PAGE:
Pangasius fish, also known as Swai fish, Panga, Vietnamese Catfish, Basa Fish or Iridescent Shark, is a very popular freshwater fish. Regardless of its name, some good reasons exist to avoid this exotic species. Not least among them: Pangasius is often heavily contaminated with toxins.
Pangasius fish fillets have become standard fare in many restaurants and supermarkets. But what exactly is Pangasius aka Swai fish? And why should you avoid it?
What is Pangasius aka Swai Fish?
Pangasius is a white-fleshed fish with a mild taste and flaky texture. It has low-fat content and is often sold at a comparatively low price, making it very popular in the US.
The freshwater fish is raised almost exclusively in large factory fish farms in its native habitat of southern Vietnam’s Mekong Delta. Frozen or chilled, it ends up on fish counters worldwide in enormous quantities.
Despite the ongoing controversy, the total export of Pangasius from Vietnam reached 518 million USD in 2018. Exploding demand and extremely low prices have also led to cases of seafood mislabelling – that is, intentional fish fraud. Vietnamese catfish have been known to suddenly appear as pricey wild-caught fish such as red snapper, grouper, or cod on local menus around the United States. If that’s not reason enough, here are five more reasons not to eat Pangasius.
Reason #1: Pangasius can Contain Toxins from Factory Farming
Pangasius fish are raised in huge basins in large factory farms along the Mekong Delta. These cultivation sites are often overcrowded and dirty, where pathogens spread relatively easily. According to this study, there’s evidence of high chemical use, including antibiotics. Some of these substances, which are harmful to humans, can accumulate in the bodies of the fish. They can travel up the food chain and into our bodies.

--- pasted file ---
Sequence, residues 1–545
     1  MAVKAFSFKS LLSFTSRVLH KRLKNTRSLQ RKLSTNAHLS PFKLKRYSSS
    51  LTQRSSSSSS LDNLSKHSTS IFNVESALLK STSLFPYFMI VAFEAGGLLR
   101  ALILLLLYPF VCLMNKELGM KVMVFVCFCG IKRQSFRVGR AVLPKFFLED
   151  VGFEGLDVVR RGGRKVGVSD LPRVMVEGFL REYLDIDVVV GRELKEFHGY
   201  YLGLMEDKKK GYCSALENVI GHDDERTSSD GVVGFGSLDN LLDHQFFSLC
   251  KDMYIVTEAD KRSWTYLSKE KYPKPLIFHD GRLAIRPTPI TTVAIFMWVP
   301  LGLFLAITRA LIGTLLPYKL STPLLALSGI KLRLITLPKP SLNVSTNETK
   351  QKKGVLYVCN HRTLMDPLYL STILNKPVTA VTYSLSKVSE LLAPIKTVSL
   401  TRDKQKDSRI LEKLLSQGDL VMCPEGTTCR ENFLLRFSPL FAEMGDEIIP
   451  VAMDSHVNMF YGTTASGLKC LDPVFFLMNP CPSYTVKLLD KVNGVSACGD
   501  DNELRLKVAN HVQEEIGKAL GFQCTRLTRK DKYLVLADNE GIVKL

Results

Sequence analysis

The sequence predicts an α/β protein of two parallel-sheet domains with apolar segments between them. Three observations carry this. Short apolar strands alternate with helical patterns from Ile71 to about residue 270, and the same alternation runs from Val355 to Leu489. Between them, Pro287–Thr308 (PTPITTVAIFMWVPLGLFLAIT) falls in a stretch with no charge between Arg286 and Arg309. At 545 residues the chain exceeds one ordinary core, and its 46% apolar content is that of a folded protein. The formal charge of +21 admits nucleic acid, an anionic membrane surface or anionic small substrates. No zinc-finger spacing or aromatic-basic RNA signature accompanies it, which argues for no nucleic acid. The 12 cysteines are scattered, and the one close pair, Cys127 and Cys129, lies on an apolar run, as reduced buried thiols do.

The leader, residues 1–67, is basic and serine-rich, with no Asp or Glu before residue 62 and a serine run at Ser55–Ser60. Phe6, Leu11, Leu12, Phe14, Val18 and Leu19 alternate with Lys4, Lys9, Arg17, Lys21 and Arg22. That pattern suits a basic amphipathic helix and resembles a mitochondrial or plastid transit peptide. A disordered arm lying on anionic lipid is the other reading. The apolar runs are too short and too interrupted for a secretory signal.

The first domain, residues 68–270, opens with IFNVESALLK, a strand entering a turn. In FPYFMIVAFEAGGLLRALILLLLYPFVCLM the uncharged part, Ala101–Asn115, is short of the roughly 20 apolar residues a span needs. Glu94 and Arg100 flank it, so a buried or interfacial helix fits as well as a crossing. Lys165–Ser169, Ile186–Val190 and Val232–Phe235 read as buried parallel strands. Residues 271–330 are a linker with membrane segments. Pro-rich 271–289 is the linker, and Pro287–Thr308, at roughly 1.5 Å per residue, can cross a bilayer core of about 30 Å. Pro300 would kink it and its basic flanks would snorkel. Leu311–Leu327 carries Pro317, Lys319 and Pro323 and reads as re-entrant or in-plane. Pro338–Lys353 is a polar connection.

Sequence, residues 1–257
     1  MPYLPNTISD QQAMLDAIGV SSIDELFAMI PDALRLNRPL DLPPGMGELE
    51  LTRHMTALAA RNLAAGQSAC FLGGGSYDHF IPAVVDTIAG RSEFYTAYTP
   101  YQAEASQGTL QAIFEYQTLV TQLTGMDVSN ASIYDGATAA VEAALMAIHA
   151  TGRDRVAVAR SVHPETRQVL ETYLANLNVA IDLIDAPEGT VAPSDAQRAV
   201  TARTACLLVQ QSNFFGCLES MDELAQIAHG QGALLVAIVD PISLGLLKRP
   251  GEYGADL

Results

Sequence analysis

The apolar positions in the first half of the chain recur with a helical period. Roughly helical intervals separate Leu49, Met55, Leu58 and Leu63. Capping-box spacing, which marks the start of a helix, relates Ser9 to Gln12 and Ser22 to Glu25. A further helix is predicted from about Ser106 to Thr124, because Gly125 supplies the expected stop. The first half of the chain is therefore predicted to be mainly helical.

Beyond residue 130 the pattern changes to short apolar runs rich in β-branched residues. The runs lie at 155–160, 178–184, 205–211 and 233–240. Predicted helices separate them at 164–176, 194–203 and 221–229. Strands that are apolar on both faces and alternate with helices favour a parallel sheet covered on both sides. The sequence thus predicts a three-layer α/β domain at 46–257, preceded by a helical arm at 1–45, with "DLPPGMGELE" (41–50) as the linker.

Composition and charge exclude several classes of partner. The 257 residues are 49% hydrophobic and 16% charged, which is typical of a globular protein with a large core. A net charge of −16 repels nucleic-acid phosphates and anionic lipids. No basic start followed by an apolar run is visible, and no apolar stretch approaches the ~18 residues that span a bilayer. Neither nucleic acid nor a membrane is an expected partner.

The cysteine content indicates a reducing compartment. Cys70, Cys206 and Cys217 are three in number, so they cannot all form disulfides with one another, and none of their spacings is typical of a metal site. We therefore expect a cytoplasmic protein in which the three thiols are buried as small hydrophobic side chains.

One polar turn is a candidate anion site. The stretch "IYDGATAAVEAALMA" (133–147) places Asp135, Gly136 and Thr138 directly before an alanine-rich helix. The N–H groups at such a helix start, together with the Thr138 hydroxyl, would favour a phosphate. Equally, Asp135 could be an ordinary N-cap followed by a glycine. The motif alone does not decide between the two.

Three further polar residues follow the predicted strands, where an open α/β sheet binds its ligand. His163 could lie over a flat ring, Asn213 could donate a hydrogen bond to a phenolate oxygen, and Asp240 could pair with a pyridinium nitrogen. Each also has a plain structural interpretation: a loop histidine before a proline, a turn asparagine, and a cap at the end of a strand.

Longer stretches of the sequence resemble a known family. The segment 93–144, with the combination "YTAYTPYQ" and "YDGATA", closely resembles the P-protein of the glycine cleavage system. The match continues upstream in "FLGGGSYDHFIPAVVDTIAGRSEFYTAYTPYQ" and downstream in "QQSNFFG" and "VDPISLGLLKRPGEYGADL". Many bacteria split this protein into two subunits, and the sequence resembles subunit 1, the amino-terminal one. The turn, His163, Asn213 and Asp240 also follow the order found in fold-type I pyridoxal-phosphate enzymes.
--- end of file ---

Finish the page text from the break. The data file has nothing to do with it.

Additionally, pangasius fillets are often treated with citric acid and phosphates during processing, allowing them to absorb more water before frozen. This increases the fish’s weight by up to 20 percent and means more money for the manufacturer and higher prices for the consumer.
The phosphates remain when the water seeps away after you thaw the fish. While phosphates are essential to healthy nutrition, overconsumption of phosphates may increase your risk of heart disease.
Reason #2: There Are Healthier Alternatives to Pangasius
USDA dietary guidelines recommend eating two servings of fish per week. Fish is an important source of protein, iodine, and omega-3 fatty acids. Pangasius fish, however, does not contain much of these. According to the USDA, one 4-ounce fillet of Pangasius provides roughly:
- Energy: 70 kcal
- Protein: 15 g
- Fat: 2 g
- Fatty acids (saturated): 1 g
- Sodium: 290 mg (may vary)
- Cholesterol: 45 mg
The figures may vary depending on how you prepare the fish. Fattier cold-water fish, such as salmon and mackerel, tend to be much better sources of omega-3s than the low-fat pangasius, which live in tropical waters.
But you don’t need to eat fish to get a healthy amount of omega-3: nuts, flaxseed, and many cooking oils are also excellent sources of omega-3 fatty acids — and they’re all vegan.
Also interesting: Nutrition Secrets: Foods That Are Good for Skin, Hair, and Nails
Reason #3: Pangasius Fish Farms are Harmful to Humans and Animals
In the Mekong Delta, factory fish farms are often established with little or no oversight. Untreated wastewater from the fish ponds flows directly into the river. The medicine, chemicals, feces, and other pathogens it contains harm the river’s natural ecosystem, affecting the wildlife in the river. Antibiotic-resistant bacteria have been found in some parts of the Mekong Delta due to the release of pond sludge into local waterways.